A milestone study of British birds, butterflies and wild flowers has revealed the strongest evidence yet that we are on the verge of a mass extinction of global wildlife - the sixth mass extinction in the history of life on Earth.
Scientists have accumulated the most detailed data to date indicating that human activity is systematically stripping the planet of its rich biodiversity. Nearly a third of native British plants have significantly decreased in 40 years, more than half of native birds have declined in just two decades and nearly three- quarters of British butterflies have fallen in numbers in 20 years.
The study involved about 20,000 naturalists who inspected the entire British landscape to compile three atlases of native birds, butterflies and wild plants. The information they gathered on the presence or absence of more than 1,500 species in each 10- kilometre (six-mile) square of countryside they surveyed was compared directly with similar atlases compiled 20 or 40 years previously.
In the relatively short period between the past and present surveys, the scientists found a dramatic decline of all three major groups of wildlife, with one-third of all species studied disappearing from at least one part of the UK they had occupied 20 or 40 years ago.
Jeremy Thomas, the leader of the study from the Centre for Ecology and Hydrology in Dorset, said the decline in butterflies was much worse than expected and far worse than that of birds or plants. "The results are appalling," he said. "In Britain 71 per cent of all butterfly species have declined in the last 20 years. "For the first time we can say that in the UK one group of insects has suffered as badly as birds or plants - this adds enormous strength to the hypothesis that the world is approaching its sixth major extinction event."
For more than a decade scientists have constructed computer models of the rate at which species are going extinct. Such models suggested a rate of anywhere between a hundred to many thousands of times greater than normal "background" rates. The information used for these models was based on the fossil record and what little was known about the rate of extinction within certain well-studied but rather unrepresentative groups, such as birds, fish, certain mammals and palm plants. but Britain has good records of wildlife that could help to fill many of the gaps.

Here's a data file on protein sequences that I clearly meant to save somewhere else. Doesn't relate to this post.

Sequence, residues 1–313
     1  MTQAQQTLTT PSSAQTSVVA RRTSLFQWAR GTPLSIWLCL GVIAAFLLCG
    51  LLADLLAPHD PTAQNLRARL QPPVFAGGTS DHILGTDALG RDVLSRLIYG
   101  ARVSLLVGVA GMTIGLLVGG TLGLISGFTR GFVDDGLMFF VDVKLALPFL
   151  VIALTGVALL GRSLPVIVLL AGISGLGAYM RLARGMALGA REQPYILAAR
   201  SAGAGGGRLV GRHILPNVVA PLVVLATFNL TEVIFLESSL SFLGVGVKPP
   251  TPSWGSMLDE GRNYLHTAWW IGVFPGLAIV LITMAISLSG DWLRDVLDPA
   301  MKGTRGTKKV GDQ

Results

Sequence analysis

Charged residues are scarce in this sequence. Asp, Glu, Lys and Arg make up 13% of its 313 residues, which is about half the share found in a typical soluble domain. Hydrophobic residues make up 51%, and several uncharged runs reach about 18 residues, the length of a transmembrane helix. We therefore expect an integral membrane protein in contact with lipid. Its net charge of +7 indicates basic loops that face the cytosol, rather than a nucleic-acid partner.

"There are simply no data sets that approach this detail and scale anywhere in the world," Dr Thomas said.
"Even though UK butterflies are a tiny proportion of the world's insects, and although the UK is a small country, this is the first time it has been possible to compare for any group of insects with the better recorded groups [of animals and plants]. "The gloomy result is that this group has indeed declined as rapidly as plants and birds and it's because of this we believe it provides tentative support of the sixth mass extinction event," he added.
In 1999, Lord May of Oxford, the president of the Royal Society and the Prime Minister's former chief scientific adviser, estimated that the current extinction rate could be up to 10,000 times higher than it should be under normal circumstances. In a speech at the time to the World Conservation Union, he said: "This represents the sixth great wave of extinction, fully compatible with the big five mass extinctions of the geological past, but different in that it results from the activities of a single other species [humans] rather than from external environmental changes."